Constance Dierickx specializes in working with organizations in high-stakes situation such as mergers, acquisitions, CEO succession, strategic change, and crisis. She has advised more than five hundred executives on five continents in more than twenty industries. She is the author of High-Stakes Leadership: Leading Through Crisis with Courage, Judgment, and Fortitude.
Published: 25th September 2019
The stakes are high when a new leader takes over. Despite their training and experience, a full 74% of new leaders say they are unprepared for the new role, and in 18 months nearly half of them disappoint or fail entirely. In many cases, leaders either judge too quickly, making snap decisions that prove to be ill advised, or wait interminably to “gather more facts,” only for the critical moment to slip away.
Here are three strategies leaders can use to make decisions more effectively when they’re new to an organization.
First, manage the urge to “do something” right away. Having been courted, you will be eager to prove that hiring you was the right decision, but it’s critical to learn first and act second. At one company where I consulted, a newly hired senior executive, who was known as a marketing wunderkind, began making sweeping changes in the first month. She had great ideas but insisted on pushing an agenda before knowing her colleagues and the organizational culture. She ended up being removed in scarcely more than a year.
Experienced leaders, who may feel certain they already know the correct moves to make, instead need to listen, observe, and suspend judgment. This is especially challenging because others around you may be expecting quick action. One CFO I worked with restrained his urge to make immediate changes by taking notes about what he was learning in the early days of his tenure and recording some early conclusions. As he reflected on his notes later, he was able to see that he had initially held an incorrect assumption about his colleagues. Discovering this blind spot proved vital to his ability to lead a pivotal change later on.
Second, make sure you’re talking to a wide variety of sources. When you don’t know who’s a reliable source of information, it’s easy to be overly influenced by one person’s or group’s interpretation of events. Inevitably, there will be a few people who are eager to bend the ear of a new leader — and most have an agenda.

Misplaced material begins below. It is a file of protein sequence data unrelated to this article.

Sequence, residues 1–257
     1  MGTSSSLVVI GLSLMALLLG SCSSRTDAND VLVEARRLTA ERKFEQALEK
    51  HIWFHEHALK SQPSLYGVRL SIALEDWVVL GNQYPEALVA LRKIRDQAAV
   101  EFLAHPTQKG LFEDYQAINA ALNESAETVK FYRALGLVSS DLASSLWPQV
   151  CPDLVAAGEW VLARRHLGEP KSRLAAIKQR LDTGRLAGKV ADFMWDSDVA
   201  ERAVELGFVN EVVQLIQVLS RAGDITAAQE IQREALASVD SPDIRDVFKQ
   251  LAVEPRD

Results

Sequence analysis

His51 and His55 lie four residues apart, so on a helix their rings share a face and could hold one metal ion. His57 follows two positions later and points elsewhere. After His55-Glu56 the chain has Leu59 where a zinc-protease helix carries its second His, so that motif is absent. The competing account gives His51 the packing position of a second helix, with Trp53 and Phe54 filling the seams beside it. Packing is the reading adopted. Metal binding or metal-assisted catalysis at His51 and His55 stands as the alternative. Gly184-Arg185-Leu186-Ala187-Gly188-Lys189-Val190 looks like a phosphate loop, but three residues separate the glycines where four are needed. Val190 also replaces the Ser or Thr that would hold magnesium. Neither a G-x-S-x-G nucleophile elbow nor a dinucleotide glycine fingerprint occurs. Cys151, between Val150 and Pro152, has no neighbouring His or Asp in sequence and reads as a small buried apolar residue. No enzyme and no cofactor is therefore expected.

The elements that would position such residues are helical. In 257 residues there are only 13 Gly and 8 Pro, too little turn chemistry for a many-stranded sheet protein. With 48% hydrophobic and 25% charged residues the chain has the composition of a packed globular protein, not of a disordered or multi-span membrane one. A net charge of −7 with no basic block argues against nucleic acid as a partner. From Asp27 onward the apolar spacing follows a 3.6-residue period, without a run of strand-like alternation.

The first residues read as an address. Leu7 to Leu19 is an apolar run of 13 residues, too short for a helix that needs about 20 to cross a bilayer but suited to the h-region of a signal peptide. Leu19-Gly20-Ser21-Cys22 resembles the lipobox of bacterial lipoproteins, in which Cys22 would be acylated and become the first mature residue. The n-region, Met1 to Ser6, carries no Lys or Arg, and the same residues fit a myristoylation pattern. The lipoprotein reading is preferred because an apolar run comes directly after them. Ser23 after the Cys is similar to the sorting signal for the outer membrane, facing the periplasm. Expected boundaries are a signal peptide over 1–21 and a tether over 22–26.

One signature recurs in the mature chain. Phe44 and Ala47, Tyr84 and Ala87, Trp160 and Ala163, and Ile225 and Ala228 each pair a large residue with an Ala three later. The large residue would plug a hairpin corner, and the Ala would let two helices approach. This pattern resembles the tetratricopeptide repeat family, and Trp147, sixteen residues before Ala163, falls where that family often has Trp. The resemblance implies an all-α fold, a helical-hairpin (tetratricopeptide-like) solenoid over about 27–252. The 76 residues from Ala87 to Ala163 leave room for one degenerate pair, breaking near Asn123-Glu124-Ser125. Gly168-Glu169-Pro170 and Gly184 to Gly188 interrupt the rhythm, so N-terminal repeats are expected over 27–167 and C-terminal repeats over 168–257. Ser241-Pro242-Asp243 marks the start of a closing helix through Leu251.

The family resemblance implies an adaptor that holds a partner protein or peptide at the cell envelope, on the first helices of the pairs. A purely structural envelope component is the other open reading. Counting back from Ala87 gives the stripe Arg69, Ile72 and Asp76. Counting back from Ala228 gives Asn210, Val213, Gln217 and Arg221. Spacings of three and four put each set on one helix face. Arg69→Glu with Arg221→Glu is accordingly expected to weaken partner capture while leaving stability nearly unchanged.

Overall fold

At one Fortune 500 restaurant company I advised, a new president spent the first part of his tenure traveling, talking to people at all levels, and learning about what they did and what resources they needed. As he visited various locations, he wandered through the dining area and the kitchens. He showed curiosity about how things were done and even tried his hand at a few tasks. Critically, he didn’t interrogate, interview, or make people feel he was conducting an assessment. His credibility skyrocketed as a result. People became less cautious and more eager to share their experiences and ideas. Under his leadership, the company had record-breaking success, precisely because he gained such deep insight about the operations, people, and culture.
Third, select one critical area of focus for the year. It’s dangerous to move too quickly in a new role, but it’s perilous to appear as if you’re not making any changes at all. Selecting one area of focus helps people direct their efforts toward it and evaluate progress. In the initial period of learning, a new leader can see what the likely trajectory of the company will be without major changes and identify what would make the most dramatic difference.
In a turnaround situation, harsh decisions may need to be made quickly, but it’s often easier rally support for a critical focus area when a threat is looming. It can be much harder to mobilize your team when the company appears to be thriving, because success can breed complacency. One senior executive I advised found reason for concern during a major acquisition, even though the acquired company was wildly successful, because he found evidence that its focus on customers was slipping. He identified this as his chief focus area, because he knew a slip in customer satisfaction would eventually torpedo sales. Accordingly, he changed performance standards and quickly removed the senior managers who openly disagreed that improvement was needed. The business went on to deliver results 30% better than projected before the acquisition.
Leaders’ actions in the early days of their roles create an impression that’s hard to shake later. Managing the urge to make an early mark, gleaning information from all parts of the organization, and deciding on your primary area of focus will help you build the knowledge and political capital you need to succeed in your new position.